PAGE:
A prospective cohort study (n=2312) by Kestenbaum et al evaluated older patients without CAD over 14 years. Vitamin D and parathyroid hormone (PTH) were measured, and the outcomes included myocardial infarction, heart failure, cardiovascular death, and all-cause mortality. Vitamin D deficiency was associated with increased mortality and myocardial infarction (each 10 ng/mL drop in vitamin D was associated with 9% greater increase in death and 25% increase in MI). PTH excess was associated with a 30% increased risk of heart failure. Further randomized controlled trials are required.[61]

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Identifying Coronary Artery Disease

Direct plaque imaging

Studies indicate that using electron-beam computed tomography (EBCT) scanning to identify coronary calcification can reveal at-risk individuals and perhaps allow for medical monitoring.[6] With the advent of new 64-slice CT angiography, bulky plaques may be identified in asymptomatic patients.

The risk benefit of using CT angiography in an asymptomatic patient for the identification of atherosclerotic plaques is still a subject of much debate. The negative predictive value of CT angiography, however, is very high. CAD identified by CT angiography has significant prognostic implications.[62]

Carotid intima-media thickness (IMT), pulse wave velocity (PWV), and the ankle-brachial index (ABI) are widely used noninvasive modalities for evaluating atherosclerosis.[63]

Polak et al suggest the maximum intima-media thickness of the internal carotid artery along with the presence of plaque significantly but modestly improves the classification of risk of cardiovascular disease in the Framingham Offspring Study cohort.[64]

One study suggested regression or slow progression of carotid IMT due to cardiovascular drug therapies does not reduce cardiovascular events.[65]

The 2010 ACCF/AHA guideline states that measurement of carotid intima-media thickness is reasonable for cardiovascular risk assessment in asymptomatic intermediate-risk adults, provided that published recommendations on equipment, method, and training are carefully followed. The guideline also states that in asymptomatic intermediate-risk adults, measurement of ankle-brachial index is reasonable for cardiovascular risk assessment.[15]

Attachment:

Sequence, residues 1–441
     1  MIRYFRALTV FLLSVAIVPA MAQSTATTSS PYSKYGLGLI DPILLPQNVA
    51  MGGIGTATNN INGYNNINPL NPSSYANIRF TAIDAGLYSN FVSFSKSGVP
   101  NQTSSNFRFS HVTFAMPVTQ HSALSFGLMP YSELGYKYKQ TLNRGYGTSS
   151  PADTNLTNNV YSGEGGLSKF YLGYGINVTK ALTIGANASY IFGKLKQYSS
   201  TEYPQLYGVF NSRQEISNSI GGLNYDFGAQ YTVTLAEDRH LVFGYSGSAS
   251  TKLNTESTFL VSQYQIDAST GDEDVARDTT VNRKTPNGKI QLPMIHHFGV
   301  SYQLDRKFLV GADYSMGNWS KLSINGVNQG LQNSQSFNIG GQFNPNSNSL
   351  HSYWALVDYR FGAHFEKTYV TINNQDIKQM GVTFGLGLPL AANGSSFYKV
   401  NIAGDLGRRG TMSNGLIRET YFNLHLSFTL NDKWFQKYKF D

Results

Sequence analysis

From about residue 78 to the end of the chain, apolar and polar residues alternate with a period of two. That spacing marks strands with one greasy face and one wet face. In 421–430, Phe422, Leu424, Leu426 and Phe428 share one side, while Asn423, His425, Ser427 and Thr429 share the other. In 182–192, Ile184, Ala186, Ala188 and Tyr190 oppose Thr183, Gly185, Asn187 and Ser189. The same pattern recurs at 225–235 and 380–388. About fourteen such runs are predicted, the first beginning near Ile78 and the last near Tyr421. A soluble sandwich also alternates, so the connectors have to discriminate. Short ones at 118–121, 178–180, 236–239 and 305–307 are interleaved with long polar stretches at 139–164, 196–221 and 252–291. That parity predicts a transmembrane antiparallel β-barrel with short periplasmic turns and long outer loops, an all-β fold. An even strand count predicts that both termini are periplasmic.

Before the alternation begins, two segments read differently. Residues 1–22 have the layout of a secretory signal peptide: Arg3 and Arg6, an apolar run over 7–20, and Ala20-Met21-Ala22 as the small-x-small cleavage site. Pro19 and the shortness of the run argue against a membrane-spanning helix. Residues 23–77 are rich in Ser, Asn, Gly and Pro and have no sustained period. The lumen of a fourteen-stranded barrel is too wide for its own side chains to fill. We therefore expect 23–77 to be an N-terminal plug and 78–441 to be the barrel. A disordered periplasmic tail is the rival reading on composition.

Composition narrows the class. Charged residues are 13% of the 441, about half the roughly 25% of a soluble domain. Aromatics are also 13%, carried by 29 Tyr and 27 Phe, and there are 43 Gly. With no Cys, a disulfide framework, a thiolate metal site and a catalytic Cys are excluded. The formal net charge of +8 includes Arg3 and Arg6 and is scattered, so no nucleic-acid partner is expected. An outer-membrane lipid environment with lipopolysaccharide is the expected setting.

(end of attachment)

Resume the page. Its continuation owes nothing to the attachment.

Genetic markers

Other potential risk factors for developing CAD have yet to be defined. However, as data are deciphered from the human genome project, the list of genetic contributors to CAD should greatly increase.

For patients without diabetes and known CAD, a noninvasive, whole-blood test based on gene expression and demographic characteristics may be beneficial in assessment of obstructive CAD.[66]

The 2010 ACCF/AHA guideline does not recommend genotype testing for coronary heart disease risk assessment in asymptomatic adults.[15]

Biomarkers

In a 10-year comparison of 10 biomarkers for predicting death and major cardiovascular events in approximately 3000 individuals, the most informative biomarkers for predicting death were blood levels of B-type natriuretic peptide (BNP), CRP, homocysteine, renin, and the urinary albumin-to-creatinine ratio.[63] The most informative biomarkers for predicting major cardiovascular events were BNP and the urinary albumin-to-creatinine ratio.

The 2010 ACCF/AHA guideline does not recommend measurement of natriuretic peptides for coronary heart disease risk assessment in asymptomatic adults.[15]

Cystatin C (Cys-C) has been proposed as an indicator of renal dysfunction that is associated with cardiovascular events and it has shown to be a good predictor of long-term mortality in patients with normal renal function.[67]

Individuals with elevated multimarker scores had a 4-fold higher risk of death and an almost 2-fold higher risk of major cardiovascular events relative to those with low multimarker scores.[15] However, the investigators reported that the use of multiple biomarkers added only moderately to the overall prediction of risk based on conventional cardiovascular risk factors, as evidenced by small changes in the C-statistic.[15]

Measurement of HDL cholesterol should be used as part of the initial cardiovascular risk assessment but should not be used as a predictive tool of residual vascular risk in patients who are treated with potent high-dose statin therapy to lower LDL cholesterol.[68]

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Risk Assessment Guidelines

In November 2013, The American College of Cardiology (ACC) and the American Heart Association (AHA) released updated risk-assessment guidelines for atherosclerotic cardiovascular disease. Changes and recommendations include the following.[69, 70]

  • Stroke is added to the list of coronary events traditionally covered by risk prediction equations
  • The guidelines focus primarily on the 10-year risk of atherosclerosis-related events; they focus secondarily on the assessment of lifetime risk for adults aged 59 or younger without high shorter-term risk
  • The strongest predictors of 10-year risk are identified as age, sex, race, total cholesterol, high-density lipoprotein cholesterol (HDL-C), blood pressure, blood-pressure treatment status, diabetes, and current smoking status
  • Adjunct formulas for refining risk estimates by gender and race are provided
  • If risk prediction needs to be further sharpened after risk prediction equations have been performed, the guidelines indicate that coronary-artery calcium scores, family history, high-sensitivity C-reactive protein, and the ankle-brachial index can be used